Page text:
2. For those in the flexible gig economy they provide a type of support that is missing when there’s no collective body (like a union).

In both cases the coming together of like minded individuals to achieve a collective aim offers an antidote to the neoliberal ideas of individualism.

Yes I know this is a political stance, but I feel more energised when writing with a bit of politics behind me.  This is one of the problems I have with my thesis, I feel it lacks my voice.  I’m hoping that in this next re-write I can bring some passion to the project (even if readers don’t agree with me.)

Anyhow, off to write and I hope any readers have a good holiday season and a safe, productive new year.  Here’s to a successful, happy 2017 filled with Phd submissions and resulting graduations!

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Pushing on

It’s two weeks before Christmas and I’m struggling to get my PhD mindset in the place it needs to be. In November I finally limped over the line for my first draft.  I can’t really describe what a terrible place I was in mentally and physically at that stage.  I knew that the PhD was going to take it’s toll, and I’d been very fortunate to make it through 3 years with minimal pain.  But the last few months have been a different story.

It’s not just the mental, and physical, challenge that undertaking this exercise has brought, but also the emotional and psychological toll on me and my surroundings.  Combined with this, 2016 has just been such an incredibly sad  year, culturally, politically, socially.  Speaking to a few friends, we all agreed it was hard to bring yourself out of the well of despair.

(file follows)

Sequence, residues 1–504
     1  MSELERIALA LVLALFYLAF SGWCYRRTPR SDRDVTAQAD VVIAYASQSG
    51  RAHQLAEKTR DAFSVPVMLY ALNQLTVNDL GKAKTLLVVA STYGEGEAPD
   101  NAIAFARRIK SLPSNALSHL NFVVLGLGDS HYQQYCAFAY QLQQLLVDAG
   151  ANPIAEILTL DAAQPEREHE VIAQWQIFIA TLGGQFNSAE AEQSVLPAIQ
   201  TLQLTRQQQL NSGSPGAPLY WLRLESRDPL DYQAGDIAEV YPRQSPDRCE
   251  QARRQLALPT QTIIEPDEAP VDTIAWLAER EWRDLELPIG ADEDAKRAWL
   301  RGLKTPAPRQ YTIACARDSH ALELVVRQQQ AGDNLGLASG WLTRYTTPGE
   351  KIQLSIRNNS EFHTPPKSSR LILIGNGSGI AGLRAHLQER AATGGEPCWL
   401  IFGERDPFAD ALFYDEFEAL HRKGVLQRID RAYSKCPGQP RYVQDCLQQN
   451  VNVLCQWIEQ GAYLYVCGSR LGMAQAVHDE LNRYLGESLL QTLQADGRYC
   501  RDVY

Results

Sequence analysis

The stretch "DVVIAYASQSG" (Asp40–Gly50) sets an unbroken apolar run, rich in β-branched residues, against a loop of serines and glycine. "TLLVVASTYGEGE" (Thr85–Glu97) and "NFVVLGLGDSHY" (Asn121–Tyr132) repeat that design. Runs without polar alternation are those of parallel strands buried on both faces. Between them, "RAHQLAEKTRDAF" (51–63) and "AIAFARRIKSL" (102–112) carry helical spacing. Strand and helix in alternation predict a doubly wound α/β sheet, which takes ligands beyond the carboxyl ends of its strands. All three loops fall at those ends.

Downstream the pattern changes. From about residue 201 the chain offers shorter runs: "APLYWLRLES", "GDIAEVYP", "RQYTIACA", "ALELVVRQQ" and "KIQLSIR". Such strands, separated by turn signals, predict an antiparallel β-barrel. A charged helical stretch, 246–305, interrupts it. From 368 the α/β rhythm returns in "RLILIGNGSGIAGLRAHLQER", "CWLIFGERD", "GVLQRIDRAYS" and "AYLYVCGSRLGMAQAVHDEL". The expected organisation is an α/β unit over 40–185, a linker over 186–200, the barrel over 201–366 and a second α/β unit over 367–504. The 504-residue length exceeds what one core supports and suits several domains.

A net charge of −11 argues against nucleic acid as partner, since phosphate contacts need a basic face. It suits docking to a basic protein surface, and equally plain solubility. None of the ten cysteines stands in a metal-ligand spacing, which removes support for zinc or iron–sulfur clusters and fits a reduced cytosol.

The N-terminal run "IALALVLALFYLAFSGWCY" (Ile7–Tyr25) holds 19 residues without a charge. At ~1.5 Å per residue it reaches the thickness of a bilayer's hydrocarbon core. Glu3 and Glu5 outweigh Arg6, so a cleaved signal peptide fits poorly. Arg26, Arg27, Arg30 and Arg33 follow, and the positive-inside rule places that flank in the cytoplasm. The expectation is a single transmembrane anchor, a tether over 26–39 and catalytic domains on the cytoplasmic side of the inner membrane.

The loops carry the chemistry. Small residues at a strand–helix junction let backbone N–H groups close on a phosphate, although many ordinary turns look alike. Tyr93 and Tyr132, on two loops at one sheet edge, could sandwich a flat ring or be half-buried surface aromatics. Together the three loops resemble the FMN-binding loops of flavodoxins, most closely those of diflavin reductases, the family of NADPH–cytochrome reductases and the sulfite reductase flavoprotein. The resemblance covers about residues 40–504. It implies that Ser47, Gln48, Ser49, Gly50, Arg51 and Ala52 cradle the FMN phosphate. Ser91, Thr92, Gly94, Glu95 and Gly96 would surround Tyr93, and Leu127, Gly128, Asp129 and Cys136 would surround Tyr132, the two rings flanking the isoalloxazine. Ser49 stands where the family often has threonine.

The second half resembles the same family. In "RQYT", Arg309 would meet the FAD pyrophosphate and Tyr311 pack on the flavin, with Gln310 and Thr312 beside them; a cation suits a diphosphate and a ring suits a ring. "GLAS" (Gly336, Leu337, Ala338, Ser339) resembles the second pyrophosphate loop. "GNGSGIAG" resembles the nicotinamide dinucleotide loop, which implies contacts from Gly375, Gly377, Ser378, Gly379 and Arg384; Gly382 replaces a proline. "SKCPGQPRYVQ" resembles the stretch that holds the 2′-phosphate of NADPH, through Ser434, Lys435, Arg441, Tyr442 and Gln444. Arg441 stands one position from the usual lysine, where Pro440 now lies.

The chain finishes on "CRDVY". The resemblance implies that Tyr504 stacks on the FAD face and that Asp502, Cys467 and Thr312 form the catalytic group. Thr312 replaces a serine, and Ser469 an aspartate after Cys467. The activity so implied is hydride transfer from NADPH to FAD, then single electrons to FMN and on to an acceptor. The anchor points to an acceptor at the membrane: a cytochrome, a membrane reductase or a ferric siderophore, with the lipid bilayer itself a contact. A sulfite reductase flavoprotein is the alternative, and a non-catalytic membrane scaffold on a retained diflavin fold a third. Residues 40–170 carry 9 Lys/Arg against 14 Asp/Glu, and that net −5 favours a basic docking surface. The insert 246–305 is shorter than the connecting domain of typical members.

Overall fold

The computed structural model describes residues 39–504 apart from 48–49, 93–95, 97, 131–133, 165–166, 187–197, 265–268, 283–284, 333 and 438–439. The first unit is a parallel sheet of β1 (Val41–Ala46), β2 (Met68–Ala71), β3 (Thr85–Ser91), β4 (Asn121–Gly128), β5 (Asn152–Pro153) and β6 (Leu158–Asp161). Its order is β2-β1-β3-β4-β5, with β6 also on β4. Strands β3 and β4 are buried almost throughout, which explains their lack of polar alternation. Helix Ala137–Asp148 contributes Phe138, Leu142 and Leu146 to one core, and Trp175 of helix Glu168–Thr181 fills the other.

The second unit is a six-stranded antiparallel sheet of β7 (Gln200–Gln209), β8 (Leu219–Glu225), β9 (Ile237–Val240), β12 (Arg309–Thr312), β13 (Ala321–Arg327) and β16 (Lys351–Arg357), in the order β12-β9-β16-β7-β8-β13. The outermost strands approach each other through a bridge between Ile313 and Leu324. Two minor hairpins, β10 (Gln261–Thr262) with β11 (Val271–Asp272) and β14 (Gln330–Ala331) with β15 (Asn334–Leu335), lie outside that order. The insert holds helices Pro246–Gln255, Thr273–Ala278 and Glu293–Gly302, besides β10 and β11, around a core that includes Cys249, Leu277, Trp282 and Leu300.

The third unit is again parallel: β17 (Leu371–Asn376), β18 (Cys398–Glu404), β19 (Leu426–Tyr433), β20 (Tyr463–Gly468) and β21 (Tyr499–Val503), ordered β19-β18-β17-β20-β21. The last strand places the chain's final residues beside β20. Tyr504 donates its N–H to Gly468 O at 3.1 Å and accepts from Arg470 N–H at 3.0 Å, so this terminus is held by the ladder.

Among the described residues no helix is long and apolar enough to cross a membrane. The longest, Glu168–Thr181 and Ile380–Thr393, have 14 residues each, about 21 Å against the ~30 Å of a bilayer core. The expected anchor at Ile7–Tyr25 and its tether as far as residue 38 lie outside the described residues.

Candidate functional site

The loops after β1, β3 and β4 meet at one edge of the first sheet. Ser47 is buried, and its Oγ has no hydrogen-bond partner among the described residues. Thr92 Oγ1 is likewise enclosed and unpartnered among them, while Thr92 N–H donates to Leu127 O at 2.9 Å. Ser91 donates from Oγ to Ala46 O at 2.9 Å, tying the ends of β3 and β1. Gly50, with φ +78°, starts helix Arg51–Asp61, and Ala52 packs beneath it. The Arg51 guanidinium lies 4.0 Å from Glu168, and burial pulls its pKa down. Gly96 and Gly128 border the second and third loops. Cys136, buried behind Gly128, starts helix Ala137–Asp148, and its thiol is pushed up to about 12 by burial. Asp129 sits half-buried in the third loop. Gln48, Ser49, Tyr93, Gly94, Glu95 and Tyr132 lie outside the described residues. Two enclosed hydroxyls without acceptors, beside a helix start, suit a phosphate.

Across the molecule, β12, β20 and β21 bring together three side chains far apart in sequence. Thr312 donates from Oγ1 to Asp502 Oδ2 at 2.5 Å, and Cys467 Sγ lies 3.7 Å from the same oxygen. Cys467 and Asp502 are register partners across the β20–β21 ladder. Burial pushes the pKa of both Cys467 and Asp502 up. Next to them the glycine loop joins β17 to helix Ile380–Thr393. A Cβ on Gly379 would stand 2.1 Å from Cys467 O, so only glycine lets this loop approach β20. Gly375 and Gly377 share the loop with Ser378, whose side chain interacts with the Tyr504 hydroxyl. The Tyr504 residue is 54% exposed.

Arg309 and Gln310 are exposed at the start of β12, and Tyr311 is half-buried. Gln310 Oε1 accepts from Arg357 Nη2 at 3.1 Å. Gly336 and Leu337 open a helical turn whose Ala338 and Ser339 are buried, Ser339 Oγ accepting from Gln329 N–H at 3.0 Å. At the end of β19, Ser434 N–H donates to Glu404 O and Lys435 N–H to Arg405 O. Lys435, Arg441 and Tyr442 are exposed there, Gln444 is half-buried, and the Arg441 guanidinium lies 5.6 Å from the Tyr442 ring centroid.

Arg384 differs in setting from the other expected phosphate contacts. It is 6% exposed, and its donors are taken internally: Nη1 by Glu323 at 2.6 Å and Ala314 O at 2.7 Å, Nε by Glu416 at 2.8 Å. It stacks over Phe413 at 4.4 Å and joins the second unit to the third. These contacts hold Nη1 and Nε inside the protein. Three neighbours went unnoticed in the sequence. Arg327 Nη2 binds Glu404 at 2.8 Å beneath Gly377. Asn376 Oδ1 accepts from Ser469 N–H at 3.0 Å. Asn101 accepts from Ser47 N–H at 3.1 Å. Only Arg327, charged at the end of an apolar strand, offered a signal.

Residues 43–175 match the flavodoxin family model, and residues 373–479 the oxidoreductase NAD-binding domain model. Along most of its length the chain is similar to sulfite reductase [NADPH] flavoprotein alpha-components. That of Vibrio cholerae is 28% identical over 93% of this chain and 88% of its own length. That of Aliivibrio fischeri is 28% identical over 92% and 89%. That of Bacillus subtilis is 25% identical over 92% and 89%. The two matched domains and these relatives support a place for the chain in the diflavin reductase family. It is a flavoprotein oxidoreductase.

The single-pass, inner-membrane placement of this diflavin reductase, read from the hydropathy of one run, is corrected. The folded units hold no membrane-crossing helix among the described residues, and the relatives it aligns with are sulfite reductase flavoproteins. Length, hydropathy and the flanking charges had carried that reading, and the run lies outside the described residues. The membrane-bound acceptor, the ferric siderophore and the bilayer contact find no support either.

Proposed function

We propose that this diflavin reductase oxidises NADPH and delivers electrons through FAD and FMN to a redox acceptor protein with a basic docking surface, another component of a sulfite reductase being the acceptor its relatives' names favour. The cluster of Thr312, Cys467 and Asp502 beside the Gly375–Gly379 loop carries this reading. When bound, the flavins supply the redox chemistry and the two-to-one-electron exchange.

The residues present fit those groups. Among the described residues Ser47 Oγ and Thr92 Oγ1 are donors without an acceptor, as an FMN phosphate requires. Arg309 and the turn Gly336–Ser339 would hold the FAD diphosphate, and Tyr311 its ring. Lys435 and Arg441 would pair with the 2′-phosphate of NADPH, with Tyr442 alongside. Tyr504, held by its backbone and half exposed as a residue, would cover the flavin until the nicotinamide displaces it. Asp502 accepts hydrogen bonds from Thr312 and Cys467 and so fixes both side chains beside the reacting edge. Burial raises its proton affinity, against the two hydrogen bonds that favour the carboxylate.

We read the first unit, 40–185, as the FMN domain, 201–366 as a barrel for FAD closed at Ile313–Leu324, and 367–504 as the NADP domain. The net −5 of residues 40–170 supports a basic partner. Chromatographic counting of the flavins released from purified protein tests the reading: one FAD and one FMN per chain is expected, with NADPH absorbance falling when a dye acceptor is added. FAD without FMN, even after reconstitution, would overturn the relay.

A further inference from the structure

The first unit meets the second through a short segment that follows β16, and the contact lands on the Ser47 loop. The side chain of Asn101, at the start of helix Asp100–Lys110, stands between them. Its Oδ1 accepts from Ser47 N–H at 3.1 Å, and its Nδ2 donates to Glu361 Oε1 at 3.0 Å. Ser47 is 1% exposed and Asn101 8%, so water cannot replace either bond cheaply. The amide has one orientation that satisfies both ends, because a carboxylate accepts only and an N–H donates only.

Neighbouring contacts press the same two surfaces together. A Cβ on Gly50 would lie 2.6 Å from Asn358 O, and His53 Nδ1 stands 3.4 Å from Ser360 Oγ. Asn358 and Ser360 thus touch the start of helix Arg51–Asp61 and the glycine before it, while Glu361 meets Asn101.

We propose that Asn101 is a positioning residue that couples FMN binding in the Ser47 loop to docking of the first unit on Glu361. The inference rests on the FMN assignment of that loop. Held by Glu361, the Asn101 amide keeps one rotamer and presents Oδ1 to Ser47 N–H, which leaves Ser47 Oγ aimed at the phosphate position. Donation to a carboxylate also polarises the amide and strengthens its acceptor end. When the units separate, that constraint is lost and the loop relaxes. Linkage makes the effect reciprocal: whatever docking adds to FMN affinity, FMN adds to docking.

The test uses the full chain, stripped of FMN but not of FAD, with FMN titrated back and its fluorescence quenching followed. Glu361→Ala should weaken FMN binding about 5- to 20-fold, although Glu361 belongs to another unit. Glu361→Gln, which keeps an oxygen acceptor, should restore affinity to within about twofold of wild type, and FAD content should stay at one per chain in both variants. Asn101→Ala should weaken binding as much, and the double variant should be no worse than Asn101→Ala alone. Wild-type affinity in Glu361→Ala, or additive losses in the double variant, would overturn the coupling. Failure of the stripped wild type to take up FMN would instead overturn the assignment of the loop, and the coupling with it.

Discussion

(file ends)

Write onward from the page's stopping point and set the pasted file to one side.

For me, immersed in this solo activity that makes you doubt yourself every day, I lost all perspective as to why I was unhappy.  Was it the PhD? Was it my marriage? My health?  My choice to move back to Melbourne? World events? I questioned every part of my life (and found most of it lacking) despite being in an incredibly privileged position.

A few weeks respite, a trip to the beach for WARMTH, and some feedback on draft one and I was in a much better place.  I’m still not sure I can do the PhD thing, every day seems harder than the last, but I keep putting one foot in front of the other.  But I also have thrown myself into Christmas planning (I love Christmas), have forced family to visit me, gone out to see friends and have achieved a few physical milestones (I swam 1km in a 50m pool today for the first time in my life) that have made life seem just a bit better than in was 2 months ago.

I’m two weeks in to the second draft of the PhD. It’s not going great.  Structurally my supervisor had some brilliant ideas (as always is the case) and I can see how changing things will make it better.  Thankfully there was no feedback that the whole argument fails to stand up, which I was pretty concerned over. But, as always, I’m struggling with writing which I know is just not up to scratch.  I need to keep pushing through though, get a second draft in by mid-January, one that is structurally and language wise very much an improvement on the first.

This post is an attempt to get my head in the writing game.  I’m a day or two behind in my schedule and I know that next week will be lost to pre-Christmas delirium.  I’m also looking forward toward 2017, knowing I’ll have a little bit of work (my research assistant job is ticking over) but that I can reasonably expect the PhD to dominate things for another 7 months or so.  It feels like a long time.